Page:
Experts say Hawaii’s new asset protection law is “dead on arrival.” With a 1% user fee and onerous investment restrictions, few billionaires will find Hawaii a proper bastion for their family fortunes.
The economic pinch has even affected paradise. Hawaii is suffering from a decline in tourists and as a result is scrambling for new ways to bring more money to the state. Ambitious plans are underway that include the revival of the 1970s hit CBS TV show “Hawaii Five-O.”
As part of the revival initiatives, Hawaii’s trust firms and the estate planners have embarked on a bold campaign to attract the world’s super rich by making it the premier trust haven of the Pacific.
On June 28, 2010, Hawaii Governor Linda Lingle signed into law a new trust law designed to compete with Nevada, Delaware, Alaska, South Dakota and other domestic asset protection trust states by allowing local trusts to shield assets from creditors or, theoretically, the courts.
With the new law, Act 182, as ammunition, local legislators hope their state will become a powerful “sun, swim and protect” combo that entices mega-rich families who may be vacationing in paradise to leave more of their cash behind.
“We believe that trust business is very compatible with our visitor industry,” explains state senator Rosalyn "Roz" Baker, who sponsored the bill back in January.
“Yes, the rationale was to woo offshore assets to a repository in Hawaii,” she adds.
DEAD ON ARRIVAL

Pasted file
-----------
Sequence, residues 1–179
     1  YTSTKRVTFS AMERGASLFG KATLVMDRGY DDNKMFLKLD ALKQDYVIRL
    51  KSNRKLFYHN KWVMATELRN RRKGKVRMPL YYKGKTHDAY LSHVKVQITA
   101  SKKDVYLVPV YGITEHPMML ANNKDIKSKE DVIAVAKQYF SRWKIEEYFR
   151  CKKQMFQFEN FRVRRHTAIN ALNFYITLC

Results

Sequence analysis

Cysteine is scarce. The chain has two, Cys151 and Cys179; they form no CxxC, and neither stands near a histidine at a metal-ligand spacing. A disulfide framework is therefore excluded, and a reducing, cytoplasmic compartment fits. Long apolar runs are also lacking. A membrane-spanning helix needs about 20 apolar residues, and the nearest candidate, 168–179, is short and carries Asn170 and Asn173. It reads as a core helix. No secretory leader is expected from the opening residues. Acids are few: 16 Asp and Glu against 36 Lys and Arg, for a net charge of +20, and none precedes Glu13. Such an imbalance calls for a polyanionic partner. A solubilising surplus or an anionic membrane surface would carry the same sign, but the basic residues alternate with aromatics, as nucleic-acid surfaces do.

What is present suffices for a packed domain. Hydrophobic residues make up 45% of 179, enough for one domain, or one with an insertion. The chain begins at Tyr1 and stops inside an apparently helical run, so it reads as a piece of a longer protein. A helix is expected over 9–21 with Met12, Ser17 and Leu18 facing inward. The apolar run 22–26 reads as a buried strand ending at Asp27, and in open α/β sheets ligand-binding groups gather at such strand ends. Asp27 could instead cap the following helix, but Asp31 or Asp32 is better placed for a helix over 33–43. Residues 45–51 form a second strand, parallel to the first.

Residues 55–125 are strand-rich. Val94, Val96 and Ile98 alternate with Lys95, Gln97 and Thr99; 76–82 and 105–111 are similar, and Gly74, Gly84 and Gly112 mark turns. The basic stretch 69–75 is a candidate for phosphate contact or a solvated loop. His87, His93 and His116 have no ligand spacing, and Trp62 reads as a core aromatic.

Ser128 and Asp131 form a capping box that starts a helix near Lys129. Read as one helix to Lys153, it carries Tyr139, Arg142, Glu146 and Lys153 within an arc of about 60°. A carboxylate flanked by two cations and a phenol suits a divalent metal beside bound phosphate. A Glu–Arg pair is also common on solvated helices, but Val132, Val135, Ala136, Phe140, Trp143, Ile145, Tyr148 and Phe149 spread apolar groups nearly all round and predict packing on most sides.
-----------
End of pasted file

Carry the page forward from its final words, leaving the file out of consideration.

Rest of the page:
Even though Honolulu is optimistic that asset protection trusts will bring in revenue, estate planners do not see a credible threat to established trust centers on the mainland.
Although Act 182 puts Hawaii ahead of the 37 states that do not support asset protection trusts at all, unique twists ensure that the Aloha State will remain a poor second choice compared to other asset protection states
Under the new law, wealthy families must pay an unprecedented 1% excise tax on all money and assets they move into an asset protection trust.
Given the potential size of these accounts, this can add up to real cash for the state government—but why would anyone pay it if a few phone calls to Nevada, Delaware or South Dakota will provide the same benefits without the added charge?
“The law won’t work as intended,” says Dan Rubin, a prominent estate planning attorney with the New York firm of Moses and Singer.
“Without very bad legal advice, no smart billionaire is going to set up a trust in Hawaii even if they have a $10 million house on the beach if it requires participants to pay a 1% user fee to gain trust benefits.”
If the extra expense weren’t enough, Hawaii also restricts asset protection trusts to 25% of the grantor’s net worth—and prohibits transfers of real property into trust.
And unlike states like South Dakota or Nevada, trusts administered in Hawaii pay state income tax whether their trustees are locals or tourists.
Someone in Hawaii must have done some quick math to work out a formula for political success. According the state's 2010 budget, Hawaii only had a $22.3 million shortfall. Therefore, if say only a few billionaires set up a handful of trusts, with a 1% excise tax, $3 billion would do the trick and generate $30 million in tax collections.